Stimulus Day Is A Big Day For Rubio, Too

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President Obama spoke this morning about the one-year anniversary of his $787 stimulus bill, but that massive package of spending and tax cuts also had its hand in launching a Senate campaign in Florida that would come to embody the present conservative movement.

Little did anyone know it at the time, but the stimulus marked the ascension of Marco Rubio, the hottest conservative candidate in the land.

Much of the previously-little-known former state House speaker's campaign against Gov. Charlie Crist (R) has focused on Crist's support of the stimulus. Rubio has hit the governor repeatedly for it since announcing his candidacy. In November, Rubio launched the website CharlieandObama.com, dedicated entirely to tying Crist to Obama for his backing of the $787 billion package--with a now-infamous photo of Crist physically embracing Obama displayed prominently.

Crist, a centrist and one of the heaviest hitters in Florida politics--who was once on the radar as a potential VP pick for John McCain--campaigned for the stimulus with President Obama when the newly sworn-in, massively popular president came to Florida to stump for it.

At that time, GOP governors were grappling with how to handle the stimulus, and it presented a unique problem, placing GOP governors at the intersection of fiscally conservative principles and state interest: how could the accept the money if they opposed the bill? How could they reject it if they cared about helping their states?

Governors like Sarah Palin and South Carolina's Mark Sanford moved to oppose some of the money, before finally accepting it; Crist went the other route, embracing the influx of funds to Florida--which, along with California, has led the nation in foreclosure rates throughout the economic crisis--as the bill seemed destined to pass through Congress, in some form or another.

Despite the money that it brought to Florida, that move proved to be an easy and effective weapon for Rubio--who wasn't yet running for Senate--to claw his way into a competitive race with the well-known Crist. Since then, Rubio steadily hammered Crist on the stimulus, and, despite no one knowing who he was and seemingly having no chance in polls at the start of the primary race, he's become the darling candidate not just of conservatives in Florida, but of activists and prominent conservative interest groups nationwide.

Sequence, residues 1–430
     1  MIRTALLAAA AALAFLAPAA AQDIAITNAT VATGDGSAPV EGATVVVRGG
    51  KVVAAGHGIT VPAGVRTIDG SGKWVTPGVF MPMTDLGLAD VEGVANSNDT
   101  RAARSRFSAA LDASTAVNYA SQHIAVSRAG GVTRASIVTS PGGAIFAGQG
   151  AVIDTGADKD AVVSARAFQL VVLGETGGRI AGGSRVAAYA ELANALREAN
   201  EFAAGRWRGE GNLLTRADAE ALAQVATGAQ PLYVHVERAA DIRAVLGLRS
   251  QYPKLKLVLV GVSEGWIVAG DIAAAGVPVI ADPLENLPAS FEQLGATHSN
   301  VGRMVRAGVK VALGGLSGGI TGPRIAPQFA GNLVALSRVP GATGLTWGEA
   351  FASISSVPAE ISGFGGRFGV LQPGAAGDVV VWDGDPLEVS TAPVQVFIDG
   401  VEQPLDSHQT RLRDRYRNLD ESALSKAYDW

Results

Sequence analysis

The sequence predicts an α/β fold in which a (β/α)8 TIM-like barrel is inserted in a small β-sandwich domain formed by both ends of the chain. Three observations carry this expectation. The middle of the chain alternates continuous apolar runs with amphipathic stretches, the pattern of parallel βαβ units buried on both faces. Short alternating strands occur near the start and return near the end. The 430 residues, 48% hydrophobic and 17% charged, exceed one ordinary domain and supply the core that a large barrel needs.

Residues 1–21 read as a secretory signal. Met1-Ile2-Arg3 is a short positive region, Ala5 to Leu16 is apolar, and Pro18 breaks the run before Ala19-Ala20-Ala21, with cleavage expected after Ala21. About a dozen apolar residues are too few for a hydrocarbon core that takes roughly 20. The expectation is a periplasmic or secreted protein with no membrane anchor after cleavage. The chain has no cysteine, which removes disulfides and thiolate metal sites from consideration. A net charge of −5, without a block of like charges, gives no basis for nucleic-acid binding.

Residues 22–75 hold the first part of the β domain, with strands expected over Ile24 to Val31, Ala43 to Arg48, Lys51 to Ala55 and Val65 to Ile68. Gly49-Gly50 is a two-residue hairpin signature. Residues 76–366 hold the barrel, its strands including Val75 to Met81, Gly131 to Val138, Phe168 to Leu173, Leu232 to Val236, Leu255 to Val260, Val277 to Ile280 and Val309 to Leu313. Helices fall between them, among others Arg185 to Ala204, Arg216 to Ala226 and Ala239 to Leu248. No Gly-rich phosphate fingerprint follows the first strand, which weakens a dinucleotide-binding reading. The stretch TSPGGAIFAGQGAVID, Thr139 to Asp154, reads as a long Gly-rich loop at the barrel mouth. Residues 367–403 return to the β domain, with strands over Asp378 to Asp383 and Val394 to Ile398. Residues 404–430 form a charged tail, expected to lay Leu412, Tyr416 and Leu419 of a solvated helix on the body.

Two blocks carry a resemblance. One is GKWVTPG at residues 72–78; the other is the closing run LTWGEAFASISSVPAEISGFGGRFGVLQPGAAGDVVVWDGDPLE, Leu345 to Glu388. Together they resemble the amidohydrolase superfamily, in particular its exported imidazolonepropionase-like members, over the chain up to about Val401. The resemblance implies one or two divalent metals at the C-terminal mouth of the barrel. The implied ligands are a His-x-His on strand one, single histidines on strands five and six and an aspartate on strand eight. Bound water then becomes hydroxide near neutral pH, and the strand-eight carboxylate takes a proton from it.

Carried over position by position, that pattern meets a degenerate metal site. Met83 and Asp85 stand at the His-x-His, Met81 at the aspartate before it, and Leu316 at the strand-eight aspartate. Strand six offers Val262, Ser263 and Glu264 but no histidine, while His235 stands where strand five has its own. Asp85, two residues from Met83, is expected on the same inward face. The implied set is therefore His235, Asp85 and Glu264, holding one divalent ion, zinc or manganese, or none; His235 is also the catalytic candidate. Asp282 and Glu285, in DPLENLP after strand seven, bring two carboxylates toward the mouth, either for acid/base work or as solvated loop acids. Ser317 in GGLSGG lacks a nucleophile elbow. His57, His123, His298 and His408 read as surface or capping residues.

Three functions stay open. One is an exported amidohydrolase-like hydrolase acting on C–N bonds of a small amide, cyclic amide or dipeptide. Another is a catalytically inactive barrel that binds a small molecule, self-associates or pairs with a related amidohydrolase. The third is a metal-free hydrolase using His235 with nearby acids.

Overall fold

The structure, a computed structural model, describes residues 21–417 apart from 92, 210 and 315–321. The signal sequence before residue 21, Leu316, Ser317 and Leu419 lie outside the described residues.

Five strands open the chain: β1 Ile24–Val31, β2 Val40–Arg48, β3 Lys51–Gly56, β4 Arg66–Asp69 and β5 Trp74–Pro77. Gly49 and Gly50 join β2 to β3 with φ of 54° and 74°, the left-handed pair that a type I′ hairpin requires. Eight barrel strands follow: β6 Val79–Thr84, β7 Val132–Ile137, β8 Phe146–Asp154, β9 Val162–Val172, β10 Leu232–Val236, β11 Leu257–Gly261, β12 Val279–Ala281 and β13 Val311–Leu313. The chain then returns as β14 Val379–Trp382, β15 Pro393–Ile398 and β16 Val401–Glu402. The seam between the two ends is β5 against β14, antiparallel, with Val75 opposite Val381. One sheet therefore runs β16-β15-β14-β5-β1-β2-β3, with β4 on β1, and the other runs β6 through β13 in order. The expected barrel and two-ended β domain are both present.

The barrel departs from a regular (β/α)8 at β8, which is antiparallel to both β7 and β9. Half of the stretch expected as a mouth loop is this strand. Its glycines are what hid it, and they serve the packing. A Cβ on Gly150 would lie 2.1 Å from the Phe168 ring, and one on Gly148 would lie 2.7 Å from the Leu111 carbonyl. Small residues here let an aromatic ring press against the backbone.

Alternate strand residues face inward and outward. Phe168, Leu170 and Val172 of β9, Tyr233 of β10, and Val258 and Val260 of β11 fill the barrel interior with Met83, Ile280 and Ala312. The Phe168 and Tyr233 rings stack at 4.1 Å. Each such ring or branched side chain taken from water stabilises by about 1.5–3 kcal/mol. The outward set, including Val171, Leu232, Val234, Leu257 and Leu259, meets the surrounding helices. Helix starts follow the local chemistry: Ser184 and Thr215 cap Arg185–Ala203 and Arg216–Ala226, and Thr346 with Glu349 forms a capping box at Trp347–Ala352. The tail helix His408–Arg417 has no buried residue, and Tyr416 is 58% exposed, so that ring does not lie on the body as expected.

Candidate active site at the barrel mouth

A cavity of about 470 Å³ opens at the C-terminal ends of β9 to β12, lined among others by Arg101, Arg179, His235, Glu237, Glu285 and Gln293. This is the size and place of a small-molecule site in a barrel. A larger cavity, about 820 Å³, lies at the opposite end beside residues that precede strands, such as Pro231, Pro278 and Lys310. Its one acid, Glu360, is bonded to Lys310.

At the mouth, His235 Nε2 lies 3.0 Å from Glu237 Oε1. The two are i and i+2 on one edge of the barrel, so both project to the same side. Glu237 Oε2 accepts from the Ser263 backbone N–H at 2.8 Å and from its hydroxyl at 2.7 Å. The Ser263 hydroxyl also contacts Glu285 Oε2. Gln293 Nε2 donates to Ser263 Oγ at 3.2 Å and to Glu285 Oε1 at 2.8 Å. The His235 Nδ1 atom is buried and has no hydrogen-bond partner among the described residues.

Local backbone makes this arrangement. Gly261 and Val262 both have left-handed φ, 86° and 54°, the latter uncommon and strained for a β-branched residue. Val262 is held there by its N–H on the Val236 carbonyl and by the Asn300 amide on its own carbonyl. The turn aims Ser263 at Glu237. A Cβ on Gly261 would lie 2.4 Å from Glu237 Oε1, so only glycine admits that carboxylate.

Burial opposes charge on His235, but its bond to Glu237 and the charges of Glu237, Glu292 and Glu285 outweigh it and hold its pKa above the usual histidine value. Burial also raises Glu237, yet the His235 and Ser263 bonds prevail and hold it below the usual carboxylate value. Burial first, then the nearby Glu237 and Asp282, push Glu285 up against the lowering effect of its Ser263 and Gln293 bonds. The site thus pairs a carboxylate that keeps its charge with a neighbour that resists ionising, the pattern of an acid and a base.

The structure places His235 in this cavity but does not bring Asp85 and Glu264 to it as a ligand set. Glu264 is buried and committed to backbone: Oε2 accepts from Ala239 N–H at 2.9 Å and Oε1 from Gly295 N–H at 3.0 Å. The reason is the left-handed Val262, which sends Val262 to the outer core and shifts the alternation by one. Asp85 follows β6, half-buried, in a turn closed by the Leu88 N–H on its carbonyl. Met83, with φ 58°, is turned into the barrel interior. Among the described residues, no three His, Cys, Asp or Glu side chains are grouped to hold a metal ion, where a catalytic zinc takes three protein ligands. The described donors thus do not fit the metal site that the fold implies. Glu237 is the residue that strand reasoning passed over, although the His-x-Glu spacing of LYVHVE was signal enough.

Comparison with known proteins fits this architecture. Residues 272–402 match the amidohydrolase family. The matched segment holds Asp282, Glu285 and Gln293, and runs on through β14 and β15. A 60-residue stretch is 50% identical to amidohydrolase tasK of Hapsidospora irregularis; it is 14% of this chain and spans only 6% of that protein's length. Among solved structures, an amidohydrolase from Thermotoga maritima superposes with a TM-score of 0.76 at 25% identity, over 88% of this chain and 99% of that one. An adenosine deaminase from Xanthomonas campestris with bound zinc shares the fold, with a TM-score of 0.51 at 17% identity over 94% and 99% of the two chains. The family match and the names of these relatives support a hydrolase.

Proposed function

Improbably, Rubio now leads the race, and he may lead it big: since late January, the most recent polling has shown Rubio ahead by anywhere from three to 14 percentage points.

Crist's support for the stimulus was the beginning of Florida conservatives' discontent with their centrist governor, opening a door for Rubio, according to South Florida Tea Party Chairman Everett Wilkinson.

 "It was the tipping point for most conservatives, who said enough is enough," Wilkinson said. "I think Rubio came along at the right time and said, 'I'm for smaller government, I'm for balancing the budget.'"

In a 10-day blitz leading up to the stimulus anniversary, Rubio launched a "stimulus money bomb" fundraising effort that netted over $860,000 for his campaign, with the help of another "money bomb" launched by Sen. Jim DeMint (R-SC) on Rubio's behalf, his campaign said.

Last Wednesday, Rubio held a rally to commemorate the anniversary of the Florida rally where Crist appeared with Obama, and today Rubio appeared on Fox News to talk about the stimulus and his opponent's support for it.

"That's exactly why we're ahead in the polls," Rubio said. Politicians "at the highest levels are taking our country in a direction we don't agree with."

"[Crist] used his position as governor to twist the arms of our congressional delegation, when Republicans in Washington were looking...to offer an alternative [to the stimulus]," Rubio asserted, calling the stimulus a "fundamental choice before the Congress and the American people last February" not just on spending, but on an overarching vision of government.

"Charlie Crist and Barack Obama were on the wrong side of that decision."

On Thursday, Rubio's conservative apotheosis will be complete: he'll deliver the opening address at the Conservative Political Action Conference, the yearly gathering of conservative activists, interest groups and politicians in Washington, DC.

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Chris Good is a political reporter for ABC News. He was previously an associate editor at The Atlantic and a reporter for The Hill.

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